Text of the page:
Quality Assurance: The Customer's Advocate in Product Companies

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Customer choice is the virtue of product quality that can make or break the success and survival of every business enterprise. Business objectives are not defined by just the bottom-line, as many would have us believe. They are based on creating and retaining satisfied customers by providing products and services that meet and exceed customer needs. In all these dynamics, QUALITY is the primary protagonist, the vital ingredient, and differentiator. This article examines quality assurance as an advocate for customers during product development.


"The practice of quality assurance is to develop, design, produce and service a quality product, which is most economical, most useful and always satisfactory to the consumer."–K. Ishikawa

Ever since the dawn of 'choice' as a customer option, it is the virtue of product quality that has spelt the success and survival of every business enterprise. Business objectives are not defined by just bottom-lines as many would have us believe; rather they are based on creating and retaining satisfied customers. Providing products and services that meet and exceed customer needs creates satisfied customers. Anticipating and delivering future needs and expectations has an impact on customer relations, particularly loyalty. In all these dynamics, QUALITY is the primary protagonist, the vital ingredient and differentiator. Quality is also rapidly embracing the nature and degree of impact that an organization has on its stakeholders, environment and society.

Role of the QA Engineer
In an age of global and multicultural markets, engineering improvements or fixing defects after a product is launched can be a very expensive and damaging proposition. It means recalling the product from the market, dissecting it to discover the flaw, maybe even compensating customers and dealing with possible legal hassles. In such cases, the damage to consumer confidence in the product and the company is the biggest loss. Quality assurance plays a critical role here in identifying defects, faults and shortcomings in the product even before it hits the production line or market. Given this, quality assurance has become an indispensable business function today.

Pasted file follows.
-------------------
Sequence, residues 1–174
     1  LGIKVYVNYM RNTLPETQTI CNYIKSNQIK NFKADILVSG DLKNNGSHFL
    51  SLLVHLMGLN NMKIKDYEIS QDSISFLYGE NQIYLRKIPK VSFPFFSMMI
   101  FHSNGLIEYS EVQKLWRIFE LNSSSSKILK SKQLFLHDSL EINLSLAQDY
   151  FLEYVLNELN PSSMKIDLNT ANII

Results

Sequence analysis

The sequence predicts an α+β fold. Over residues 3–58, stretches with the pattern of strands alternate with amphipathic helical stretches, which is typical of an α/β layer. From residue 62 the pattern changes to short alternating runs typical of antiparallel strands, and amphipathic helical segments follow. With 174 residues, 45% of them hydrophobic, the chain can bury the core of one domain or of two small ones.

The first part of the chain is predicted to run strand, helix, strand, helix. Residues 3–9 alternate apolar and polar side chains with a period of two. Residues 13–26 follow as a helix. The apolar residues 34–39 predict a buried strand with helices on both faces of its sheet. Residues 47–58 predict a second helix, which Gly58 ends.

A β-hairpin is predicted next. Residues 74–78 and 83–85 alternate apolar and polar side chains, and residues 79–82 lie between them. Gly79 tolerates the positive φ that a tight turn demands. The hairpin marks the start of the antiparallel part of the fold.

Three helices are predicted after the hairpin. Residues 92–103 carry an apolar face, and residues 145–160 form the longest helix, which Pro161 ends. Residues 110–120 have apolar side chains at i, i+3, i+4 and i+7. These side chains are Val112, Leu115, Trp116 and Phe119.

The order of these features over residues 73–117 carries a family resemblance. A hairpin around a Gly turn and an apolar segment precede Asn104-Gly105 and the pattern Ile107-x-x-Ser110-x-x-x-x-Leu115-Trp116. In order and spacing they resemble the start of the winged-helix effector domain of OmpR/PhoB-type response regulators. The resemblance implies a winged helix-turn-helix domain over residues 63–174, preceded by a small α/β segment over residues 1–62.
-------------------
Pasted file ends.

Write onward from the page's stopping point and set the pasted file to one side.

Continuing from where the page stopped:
Over the last decade or so, the potential for the quality assurance industry has grown enormously. This is particularly so in the information technology sector in India, where product capital is increasing at a frantic pace. Quality Assurance has moved on from being just a Testing function to being involved right from the design phase of product development to that of the finished product. From a time when the ratio of product developers to quality assurance engineers was skewed in favor of developers, we now witness an industry where QA is given a larger piece of the pie, clearly implying the growing importance of quality assurance engineers.

Aspects of Quality Assurance
There are two aspects to quality assurance–Project quality assurance and Product quality assurance. In Project quality assurance, the client outlines particular specifications to be analyzed and fixed. In Product quality assurance, the engineer decides and dictates the game plan. The engineer needs to assume the form of varied customers, so as to ensure that the product is stable in all conditions and usage.

Being a quality assurance engineer is akin to being the customer's advocate. It is the quality engineer's charter to challenge and analyze every process, and every aspect of the product idea to locate possible defects, loopholes and loose ends. Since the product use environment is not known and the consumers are manifold, a quality assurance engineer needs to think of every possible scenario, and the issues that might arise in actual application situations. Solutions have to be robust in terms of functionality, performance, scalability, and usability. This is an immensely challenging proposition requiring out-of-the-box kind of thinking, in-depth research, considerable domain insight, and implementation skills.

Many are of the view that quality assurance engineers are mostly involved only in test execution, and have little or nothing to do with developing code. But the truth is, to analyze and test every functional unit of code, one needs a sound knowledge of code and must also be able to write a whole lot of alternate code for defect finding and Automation. That apart,

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